Hyperandrogenism Accompanies Increased Intra-Abdominal Fat Storage in Normal Weight Polycystic Ovary Syndrome Women

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Abstract

Context:

Normal weight polycystic ovary syndrome (PCOS) women may have altered adipose structure-function underlying metabolic dysfunction.

Objective:

This study examines whether adipose structure-functional changes exist in normal weight PCOS women and correlate with hyperandrogenism and/or hyperinsulinemia.

Design:

This is a prospective cohort study.

Setting:

The setting was an academic medical center.

Patients:

Six normal weight PCOS women and 14 age- and body mass index-matched normoandrogenic ovulatory (NL) women were included.

Intervention(s):

All women underwent circulating hormone and metabolic measurements; frequently sampled intravenous glucose tolerance testing; total body dual-energy x-ray absorptiometry; abdominal magnetic resonance imaging; and SC abdominal fat biopsy.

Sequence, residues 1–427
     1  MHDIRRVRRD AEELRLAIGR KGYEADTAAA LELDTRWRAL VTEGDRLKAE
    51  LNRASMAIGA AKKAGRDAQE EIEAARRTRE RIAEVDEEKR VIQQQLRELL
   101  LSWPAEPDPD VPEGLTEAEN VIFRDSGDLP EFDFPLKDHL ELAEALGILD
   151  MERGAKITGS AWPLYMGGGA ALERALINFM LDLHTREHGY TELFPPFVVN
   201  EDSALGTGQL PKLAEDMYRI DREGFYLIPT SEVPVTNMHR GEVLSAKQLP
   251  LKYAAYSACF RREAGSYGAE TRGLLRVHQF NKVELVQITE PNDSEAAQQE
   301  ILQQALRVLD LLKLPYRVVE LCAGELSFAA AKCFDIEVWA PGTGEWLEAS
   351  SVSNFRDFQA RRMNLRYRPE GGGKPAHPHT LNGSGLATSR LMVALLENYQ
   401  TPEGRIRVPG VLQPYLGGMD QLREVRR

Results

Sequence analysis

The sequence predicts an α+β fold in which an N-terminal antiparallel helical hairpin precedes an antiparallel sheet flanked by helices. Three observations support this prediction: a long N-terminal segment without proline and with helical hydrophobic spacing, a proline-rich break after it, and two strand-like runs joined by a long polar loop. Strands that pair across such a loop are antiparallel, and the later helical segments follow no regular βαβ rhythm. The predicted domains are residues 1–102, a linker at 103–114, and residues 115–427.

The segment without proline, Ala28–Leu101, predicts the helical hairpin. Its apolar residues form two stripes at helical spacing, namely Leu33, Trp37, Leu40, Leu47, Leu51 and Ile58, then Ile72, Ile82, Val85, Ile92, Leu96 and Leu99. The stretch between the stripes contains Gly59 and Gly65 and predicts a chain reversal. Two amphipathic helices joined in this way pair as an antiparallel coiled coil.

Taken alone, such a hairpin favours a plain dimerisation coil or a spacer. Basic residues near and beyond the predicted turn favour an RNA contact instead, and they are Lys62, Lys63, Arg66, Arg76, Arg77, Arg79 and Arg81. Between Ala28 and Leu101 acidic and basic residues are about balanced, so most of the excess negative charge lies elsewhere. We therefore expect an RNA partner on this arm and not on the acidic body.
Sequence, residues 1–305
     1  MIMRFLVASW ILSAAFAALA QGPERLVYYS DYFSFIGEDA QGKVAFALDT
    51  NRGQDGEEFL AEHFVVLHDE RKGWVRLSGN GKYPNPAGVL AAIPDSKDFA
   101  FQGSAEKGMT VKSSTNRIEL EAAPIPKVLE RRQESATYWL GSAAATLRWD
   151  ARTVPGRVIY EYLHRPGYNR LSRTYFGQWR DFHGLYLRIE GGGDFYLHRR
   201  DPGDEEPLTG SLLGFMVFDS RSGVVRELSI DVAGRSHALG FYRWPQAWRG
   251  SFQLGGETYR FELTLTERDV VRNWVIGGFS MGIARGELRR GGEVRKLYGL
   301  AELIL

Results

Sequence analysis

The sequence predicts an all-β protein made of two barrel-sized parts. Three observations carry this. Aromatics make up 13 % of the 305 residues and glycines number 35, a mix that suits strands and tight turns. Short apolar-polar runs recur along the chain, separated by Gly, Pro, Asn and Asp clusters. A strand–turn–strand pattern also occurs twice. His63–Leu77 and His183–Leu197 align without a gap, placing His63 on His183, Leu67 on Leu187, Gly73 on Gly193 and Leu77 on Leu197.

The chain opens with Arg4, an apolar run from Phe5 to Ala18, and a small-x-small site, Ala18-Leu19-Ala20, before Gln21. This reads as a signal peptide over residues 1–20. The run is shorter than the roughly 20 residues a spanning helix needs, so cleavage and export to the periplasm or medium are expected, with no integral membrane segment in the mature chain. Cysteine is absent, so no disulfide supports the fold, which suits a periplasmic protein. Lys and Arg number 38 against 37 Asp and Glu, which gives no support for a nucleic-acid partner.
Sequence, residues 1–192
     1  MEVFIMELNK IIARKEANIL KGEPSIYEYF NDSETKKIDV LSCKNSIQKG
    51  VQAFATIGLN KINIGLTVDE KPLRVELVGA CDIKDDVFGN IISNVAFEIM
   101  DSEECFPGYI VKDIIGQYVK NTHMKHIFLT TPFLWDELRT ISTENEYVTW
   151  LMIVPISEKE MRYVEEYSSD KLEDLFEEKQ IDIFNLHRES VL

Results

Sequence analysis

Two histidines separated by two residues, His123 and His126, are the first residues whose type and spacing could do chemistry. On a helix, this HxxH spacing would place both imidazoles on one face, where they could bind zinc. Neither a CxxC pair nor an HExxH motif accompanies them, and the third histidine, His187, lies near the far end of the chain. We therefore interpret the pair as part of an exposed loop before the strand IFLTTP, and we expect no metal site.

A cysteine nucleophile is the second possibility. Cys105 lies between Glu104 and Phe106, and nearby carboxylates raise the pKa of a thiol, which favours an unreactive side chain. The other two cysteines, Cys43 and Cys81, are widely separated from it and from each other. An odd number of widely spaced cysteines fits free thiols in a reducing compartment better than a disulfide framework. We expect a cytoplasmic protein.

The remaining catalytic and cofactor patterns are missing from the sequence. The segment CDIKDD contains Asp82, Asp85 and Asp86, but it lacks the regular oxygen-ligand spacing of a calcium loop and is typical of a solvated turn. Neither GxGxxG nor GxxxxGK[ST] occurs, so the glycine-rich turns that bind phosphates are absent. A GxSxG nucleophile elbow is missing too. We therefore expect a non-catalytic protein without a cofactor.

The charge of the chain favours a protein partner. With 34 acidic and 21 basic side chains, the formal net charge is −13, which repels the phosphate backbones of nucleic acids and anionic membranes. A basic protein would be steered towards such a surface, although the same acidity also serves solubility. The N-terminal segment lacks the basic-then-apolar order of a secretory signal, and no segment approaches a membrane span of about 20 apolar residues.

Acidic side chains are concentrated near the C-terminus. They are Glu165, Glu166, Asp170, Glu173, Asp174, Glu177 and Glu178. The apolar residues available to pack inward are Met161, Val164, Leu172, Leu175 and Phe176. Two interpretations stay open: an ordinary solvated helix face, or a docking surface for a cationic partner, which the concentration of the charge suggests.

Main Outcome Measure(s):

Circulating hormones and metabolites, body fat and its distribution, and adipocyte size were compared between PCOS and NL women, and were correlated with each other in all women.

Results:

Circulating LH and androgen levels were significantly greater in PCOS than NL women, as were fasting insulin levels, pancreatic β-cell responsiveness to glucose, and total abdominal fat mass. Intra-abdominal fat mass also was significantly increased in PCOS women and was positively correlated with circulating androgen, fasting insulin, triglyceride, and non-high-density lipoprotein cholesterol levels in all women. SC abdominal fat mass was not significantly increased in PCOS women, but contained a greater proportion of small SC abdominal adipocytes that positively correlated with serum androgen levels in all women.

Conclusion:

Hyperandrogenism in normal weight PCOS women is associated with preferential intra-abdominal fat deposition and an increased population of small SC abdominal adipocytes that could constrain SC adipose storage and promote metabolic dysfunction.

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